However, those who lost weight from middle to late adulthood had a significantly increased mortality risk.
"In the study reported here, stable obesity and weight loss from an obese to a non-obese pattern from middle to late adulthood had a 20% and 30% higher mortality risk respectively," the team wrote.
They noted weight gain in young adulthood and weight loss in middle adulthood were particularly associated with a high risk of death from heart disease. They didn’t find any apparent associations between weight changes and cancer.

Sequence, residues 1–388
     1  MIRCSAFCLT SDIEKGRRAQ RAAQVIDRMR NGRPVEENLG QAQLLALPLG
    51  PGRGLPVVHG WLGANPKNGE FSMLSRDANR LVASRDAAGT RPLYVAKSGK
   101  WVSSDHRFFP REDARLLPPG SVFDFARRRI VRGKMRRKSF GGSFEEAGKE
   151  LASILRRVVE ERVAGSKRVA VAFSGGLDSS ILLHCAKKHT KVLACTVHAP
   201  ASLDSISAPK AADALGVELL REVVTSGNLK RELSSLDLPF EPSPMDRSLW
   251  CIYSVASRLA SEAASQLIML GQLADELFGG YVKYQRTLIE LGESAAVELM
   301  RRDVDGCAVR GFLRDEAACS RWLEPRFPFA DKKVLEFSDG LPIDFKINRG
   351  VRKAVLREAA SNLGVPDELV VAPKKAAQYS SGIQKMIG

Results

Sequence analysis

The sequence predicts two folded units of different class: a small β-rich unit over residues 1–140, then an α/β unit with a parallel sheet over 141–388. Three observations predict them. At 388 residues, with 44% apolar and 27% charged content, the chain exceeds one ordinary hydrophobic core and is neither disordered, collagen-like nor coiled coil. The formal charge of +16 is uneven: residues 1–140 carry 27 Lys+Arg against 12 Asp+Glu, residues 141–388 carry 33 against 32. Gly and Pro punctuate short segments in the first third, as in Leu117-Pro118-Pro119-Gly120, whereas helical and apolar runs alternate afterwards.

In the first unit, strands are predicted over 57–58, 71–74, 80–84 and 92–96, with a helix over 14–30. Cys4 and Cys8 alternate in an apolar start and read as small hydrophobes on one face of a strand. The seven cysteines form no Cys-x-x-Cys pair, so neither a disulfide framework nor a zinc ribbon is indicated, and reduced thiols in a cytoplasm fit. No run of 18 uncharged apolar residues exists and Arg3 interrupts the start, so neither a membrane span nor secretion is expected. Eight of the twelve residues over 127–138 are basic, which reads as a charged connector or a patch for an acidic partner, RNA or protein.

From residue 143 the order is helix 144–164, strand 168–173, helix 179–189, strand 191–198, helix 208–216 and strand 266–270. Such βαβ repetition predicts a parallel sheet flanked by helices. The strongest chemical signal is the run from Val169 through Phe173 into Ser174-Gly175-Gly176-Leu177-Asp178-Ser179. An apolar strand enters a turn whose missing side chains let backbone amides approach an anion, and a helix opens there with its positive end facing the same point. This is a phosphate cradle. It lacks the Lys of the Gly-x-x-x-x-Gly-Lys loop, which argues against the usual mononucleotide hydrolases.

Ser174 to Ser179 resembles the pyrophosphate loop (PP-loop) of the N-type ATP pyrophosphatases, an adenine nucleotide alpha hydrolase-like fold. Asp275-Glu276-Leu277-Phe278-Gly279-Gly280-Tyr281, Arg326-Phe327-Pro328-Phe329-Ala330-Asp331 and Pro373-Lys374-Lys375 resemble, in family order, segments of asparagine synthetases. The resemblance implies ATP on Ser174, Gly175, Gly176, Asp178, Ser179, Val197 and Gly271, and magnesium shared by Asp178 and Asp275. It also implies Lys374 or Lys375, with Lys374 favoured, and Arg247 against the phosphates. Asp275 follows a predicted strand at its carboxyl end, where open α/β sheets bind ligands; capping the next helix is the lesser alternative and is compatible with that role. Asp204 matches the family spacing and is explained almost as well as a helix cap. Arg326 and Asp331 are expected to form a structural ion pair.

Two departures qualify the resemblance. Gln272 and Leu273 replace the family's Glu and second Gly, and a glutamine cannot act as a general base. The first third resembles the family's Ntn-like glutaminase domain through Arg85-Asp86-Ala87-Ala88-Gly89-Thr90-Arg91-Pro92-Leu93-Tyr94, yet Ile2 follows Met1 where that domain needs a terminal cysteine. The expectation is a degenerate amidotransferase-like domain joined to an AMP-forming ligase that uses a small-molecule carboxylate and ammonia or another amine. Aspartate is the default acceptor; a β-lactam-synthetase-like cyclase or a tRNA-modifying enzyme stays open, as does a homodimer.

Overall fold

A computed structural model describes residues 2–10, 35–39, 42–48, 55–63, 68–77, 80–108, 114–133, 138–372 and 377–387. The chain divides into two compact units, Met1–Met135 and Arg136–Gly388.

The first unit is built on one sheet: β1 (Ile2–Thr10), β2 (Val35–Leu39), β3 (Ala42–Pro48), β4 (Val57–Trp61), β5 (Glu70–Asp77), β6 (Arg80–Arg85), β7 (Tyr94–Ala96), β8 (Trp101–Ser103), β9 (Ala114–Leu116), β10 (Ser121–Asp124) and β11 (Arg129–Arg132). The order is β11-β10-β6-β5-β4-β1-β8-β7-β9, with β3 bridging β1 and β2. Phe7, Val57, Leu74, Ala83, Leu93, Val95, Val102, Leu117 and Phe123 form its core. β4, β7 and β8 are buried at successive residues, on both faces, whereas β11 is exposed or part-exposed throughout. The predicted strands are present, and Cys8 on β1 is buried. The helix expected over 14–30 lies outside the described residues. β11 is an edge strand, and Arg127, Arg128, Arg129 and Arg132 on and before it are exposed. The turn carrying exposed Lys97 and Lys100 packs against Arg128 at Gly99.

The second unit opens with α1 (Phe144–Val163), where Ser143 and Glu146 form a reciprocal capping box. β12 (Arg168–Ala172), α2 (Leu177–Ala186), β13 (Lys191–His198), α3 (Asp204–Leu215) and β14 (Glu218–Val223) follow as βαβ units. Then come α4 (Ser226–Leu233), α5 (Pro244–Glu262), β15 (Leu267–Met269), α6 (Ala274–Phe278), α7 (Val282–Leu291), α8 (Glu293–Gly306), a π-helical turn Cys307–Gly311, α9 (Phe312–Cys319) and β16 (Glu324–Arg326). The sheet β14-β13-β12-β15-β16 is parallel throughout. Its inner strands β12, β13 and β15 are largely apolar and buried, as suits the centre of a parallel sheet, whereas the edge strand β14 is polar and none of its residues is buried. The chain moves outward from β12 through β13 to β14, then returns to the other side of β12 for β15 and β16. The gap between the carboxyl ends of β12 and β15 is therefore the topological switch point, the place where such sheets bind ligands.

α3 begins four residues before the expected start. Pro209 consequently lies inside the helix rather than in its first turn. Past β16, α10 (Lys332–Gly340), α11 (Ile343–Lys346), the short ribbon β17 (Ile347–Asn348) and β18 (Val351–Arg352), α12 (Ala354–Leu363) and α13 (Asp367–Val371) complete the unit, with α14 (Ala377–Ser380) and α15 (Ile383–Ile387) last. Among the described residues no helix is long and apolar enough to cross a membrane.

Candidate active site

The scientists acknowledged they did not evaluate whether weight loss later in life was intentional or not. Unintentional weight loss could be due to diabetes or cancer, they said.
However, they concluded, “the findings imply that maintaining normal weight across adulthood, especially preventing weight gain in early adulthood, is important for preventing premature deaths in later life.”
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